Wild bees provide a bigger slice of the pie in pumpkin pollination

Image of bee in pumpkin blossom.

(Penn State) Pumpkin growers frequently rent managed honeybee colonies to pollinate their crops, but a recent study suggests wild bees may be able to do the job just as well and for free. Approximately 97 percent of the field observations consisted of three pollinators: bumble bees, honeybees, and squash bees. However, hand collections from the blossoms revealed 37 different bee species visiting the flowers. And the pollen transfer from just the wild species easily exceeded the pollination requirements for pumpkins.

Eva Crane, the ultimate beekeeper

Image of Eva Crane with other woman.

(Cosmos) Eva Crane was one of the greatest writers on bees and beekeeping in the 20th century. See wrote and published hundreds of papers, articles and books. She helped create one of the world’s major databases on bee science. And her honey bee studies took her to more than 60 countries, “sometimes traveling by dugout canoe or dog sled to document the human use of bees from prehistoric times to the present”.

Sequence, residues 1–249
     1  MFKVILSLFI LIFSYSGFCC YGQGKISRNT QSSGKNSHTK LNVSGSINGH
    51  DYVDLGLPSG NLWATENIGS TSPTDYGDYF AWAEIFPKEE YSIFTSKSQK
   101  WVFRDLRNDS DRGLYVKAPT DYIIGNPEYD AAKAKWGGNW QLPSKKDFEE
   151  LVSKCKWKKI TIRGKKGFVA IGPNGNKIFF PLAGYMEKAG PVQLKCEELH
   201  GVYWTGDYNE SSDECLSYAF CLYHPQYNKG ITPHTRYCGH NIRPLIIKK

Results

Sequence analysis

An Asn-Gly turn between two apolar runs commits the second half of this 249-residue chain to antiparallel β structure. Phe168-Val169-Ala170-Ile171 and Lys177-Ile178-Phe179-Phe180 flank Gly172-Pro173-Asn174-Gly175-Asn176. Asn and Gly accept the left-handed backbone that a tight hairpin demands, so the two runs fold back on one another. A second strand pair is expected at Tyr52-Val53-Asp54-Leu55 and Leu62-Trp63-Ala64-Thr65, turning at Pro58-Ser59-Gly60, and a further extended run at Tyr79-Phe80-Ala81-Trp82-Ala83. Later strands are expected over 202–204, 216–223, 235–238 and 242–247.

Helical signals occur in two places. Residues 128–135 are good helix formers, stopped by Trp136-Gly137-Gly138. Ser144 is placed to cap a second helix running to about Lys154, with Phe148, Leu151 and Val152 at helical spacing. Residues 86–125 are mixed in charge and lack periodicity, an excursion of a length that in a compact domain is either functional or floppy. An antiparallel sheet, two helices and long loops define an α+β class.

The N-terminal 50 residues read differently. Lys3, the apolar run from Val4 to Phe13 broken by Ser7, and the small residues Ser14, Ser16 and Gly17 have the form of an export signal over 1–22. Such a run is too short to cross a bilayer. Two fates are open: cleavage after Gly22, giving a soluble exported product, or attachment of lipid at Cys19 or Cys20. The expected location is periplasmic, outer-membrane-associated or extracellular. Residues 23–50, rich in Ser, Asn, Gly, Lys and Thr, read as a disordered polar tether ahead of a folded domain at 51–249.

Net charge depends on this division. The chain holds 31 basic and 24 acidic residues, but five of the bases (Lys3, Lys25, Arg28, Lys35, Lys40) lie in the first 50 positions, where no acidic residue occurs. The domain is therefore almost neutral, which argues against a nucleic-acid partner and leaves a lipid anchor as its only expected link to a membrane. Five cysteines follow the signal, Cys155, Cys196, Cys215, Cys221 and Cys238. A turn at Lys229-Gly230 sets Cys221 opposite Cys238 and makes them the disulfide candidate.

Honey bees are fond of strawberries, but solitary bees are always present

Image of strawberry field.

(Georg-August-Universität Göttingen) While honey bees might prefer strawberry fields over flowering oilseed rape, honey bees are less common in among strawberries when the oilseed rape is in full bloom. In contrast, solitary wild bees, like mining bees, are constantly present in the strawberry fields. “Wild bees are therefore of great importance for the pollination of crops… our results also show that wild bees in the landscape should be supported by appropriate management measures.”

Experts call for overhaul of pesticide regulations

Image of tractor spraying.

(Phys.org) A trio of researchers are calling for an overhaul of the regulatory frameworks that define the ways that pesticides can be used. “Environmental risk assessment of pesticides does not account for many stressors that have intensified in recent years, such as climate change, habitat destruction, and increasing landscape homogeneity, the combination of which can aggravate effects of pesticides in nature.”

Collectors find plenty of bees but far fewer species than in the 1950s

Image of Bombus dahlbomii bumblebee in Chile.

Declines in the number of species occurred on nearly every continent, starting at various points in the last four decades but largely in the 1990s on most continents. One exception was Australia and nearby islands, where the number of bee species estimated from observations spiked in the 2000s before dropping back down in the 2010s. Globally, thousands of bee species have become so rare that they are difficult to find or have gone extinct.